In addition, you will likely need to have the furniture professionally appraised in order to have a defensible paper trial in the event that the Florida Department of Revenue starts asking questions. The cost of the appraisal will likely match or exceed the amount of savings derived from the strategy in the first place.

There are also a handful of exemptions to the Florida Documentary Stamp Tax. Both marital transfers of homestead property and the transfer of a marital home as a part of a divorce are both exempt from stamp tax.

In addition, the following entities do not have to pay the stamp tax in Florida:

  • US government agencies

  • Florida government agencies

  • Florida counties, municipalities and political subdivisions

If a government entity is buying from or selling to a non-exempt party, the latter is responsible for paying the Florida Documentary Stamp Tax on the transaction.

There are several additional stamp tax exemptions as outlined in Rule 12B-4.014, Florida Administrative Code:

12B-4.014 Conveyances Not Subject to Tax.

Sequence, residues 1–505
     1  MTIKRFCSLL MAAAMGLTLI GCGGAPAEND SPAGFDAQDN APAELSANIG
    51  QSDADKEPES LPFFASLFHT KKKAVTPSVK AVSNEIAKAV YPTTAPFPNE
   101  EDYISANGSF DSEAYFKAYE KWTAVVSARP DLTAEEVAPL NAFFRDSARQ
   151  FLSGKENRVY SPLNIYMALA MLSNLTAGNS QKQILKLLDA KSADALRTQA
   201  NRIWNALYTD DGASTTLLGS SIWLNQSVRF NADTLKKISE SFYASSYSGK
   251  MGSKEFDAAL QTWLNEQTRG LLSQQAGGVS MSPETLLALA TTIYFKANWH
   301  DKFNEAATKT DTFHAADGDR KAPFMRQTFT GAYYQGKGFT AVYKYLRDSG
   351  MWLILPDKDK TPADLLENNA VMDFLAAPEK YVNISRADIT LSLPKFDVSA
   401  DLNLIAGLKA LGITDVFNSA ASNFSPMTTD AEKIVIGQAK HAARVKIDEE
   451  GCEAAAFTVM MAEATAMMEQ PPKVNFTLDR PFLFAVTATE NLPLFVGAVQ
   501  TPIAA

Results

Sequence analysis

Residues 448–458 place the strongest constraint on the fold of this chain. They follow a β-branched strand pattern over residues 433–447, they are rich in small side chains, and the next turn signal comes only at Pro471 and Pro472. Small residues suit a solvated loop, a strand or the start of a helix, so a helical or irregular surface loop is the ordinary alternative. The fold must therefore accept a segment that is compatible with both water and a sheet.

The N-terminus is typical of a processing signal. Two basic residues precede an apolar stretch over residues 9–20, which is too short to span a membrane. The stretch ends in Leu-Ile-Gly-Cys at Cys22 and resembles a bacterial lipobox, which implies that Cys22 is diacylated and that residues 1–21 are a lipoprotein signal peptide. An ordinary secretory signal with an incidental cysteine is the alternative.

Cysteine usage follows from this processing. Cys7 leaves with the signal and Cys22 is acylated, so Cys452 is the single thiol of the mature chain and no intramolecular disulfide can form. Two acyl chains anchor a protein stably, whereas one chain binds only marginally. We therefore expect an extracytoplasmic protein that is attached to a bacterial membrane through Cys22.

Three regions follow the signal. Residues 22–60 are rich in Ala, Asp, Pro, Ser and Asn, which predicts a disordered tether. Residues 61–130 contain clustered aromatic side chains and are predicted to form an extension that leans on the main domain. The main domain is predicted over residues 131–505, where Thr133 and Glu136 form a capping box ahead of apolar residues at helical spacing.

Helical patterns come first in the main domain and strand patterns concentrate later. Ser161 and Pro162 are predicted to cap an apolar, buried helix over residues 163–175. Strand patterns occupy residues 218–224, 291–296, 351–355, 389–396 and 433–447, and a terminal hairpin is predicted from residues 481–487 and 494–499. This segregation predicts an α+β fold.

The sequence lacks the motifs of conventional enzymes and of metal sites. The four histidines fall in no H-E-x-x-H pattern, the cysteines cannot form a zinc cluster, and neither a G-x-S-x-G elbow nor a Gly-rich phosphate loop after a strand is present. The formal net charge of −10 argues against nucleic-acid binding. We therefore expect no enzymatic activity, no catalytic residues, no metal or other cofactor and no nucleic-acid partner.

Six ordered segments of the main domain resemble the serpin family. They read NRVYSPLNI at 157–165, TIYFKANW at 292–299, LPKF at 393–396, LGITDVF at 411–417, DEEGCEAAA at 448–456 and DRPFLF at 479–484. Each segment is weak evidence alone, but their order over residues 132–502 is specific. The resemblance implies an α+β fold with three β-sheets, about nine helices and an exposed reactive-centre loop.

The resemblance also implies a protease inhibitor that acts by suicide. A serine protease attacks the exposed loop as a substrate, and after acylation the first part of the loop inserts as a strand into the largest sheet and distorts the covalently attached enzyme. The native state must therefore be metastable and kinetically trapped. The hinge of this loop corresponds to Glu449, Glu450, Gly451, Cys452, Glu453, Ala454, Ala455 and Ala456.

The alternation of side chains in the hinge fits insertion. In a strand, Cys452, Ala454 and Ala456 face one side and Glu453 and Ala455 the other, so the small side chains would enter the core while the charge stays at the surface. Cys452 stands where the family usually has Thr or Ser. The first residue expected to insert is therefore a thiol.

(1) Security for Debt: The reconveyance of realty conveyed to secure a debt upon payment of such debt is not taxable.

(2) No Consideration:

(a) A conveyance of unencumbered realty as a gift is not taxable.

(b) A deed of conveyance reciting a consideration such as “love and affection and $1,” “desire to promote welfare and $1,” or “$1 and other valuable consideration,” requires at least the minimum tax.

(3) To Correct Error: Where a conveyance is made to correct a deficiency in a previous deed on which the tax has been paid, only minimum tax is required. (1933 Op. Att’y. Gen. Fla. 1933-34 Biennial Report, Page 50 (April 7, 1933); Letter from the Att’y. Gen. Fla. to State Comptroller (Dec. 10, 1962))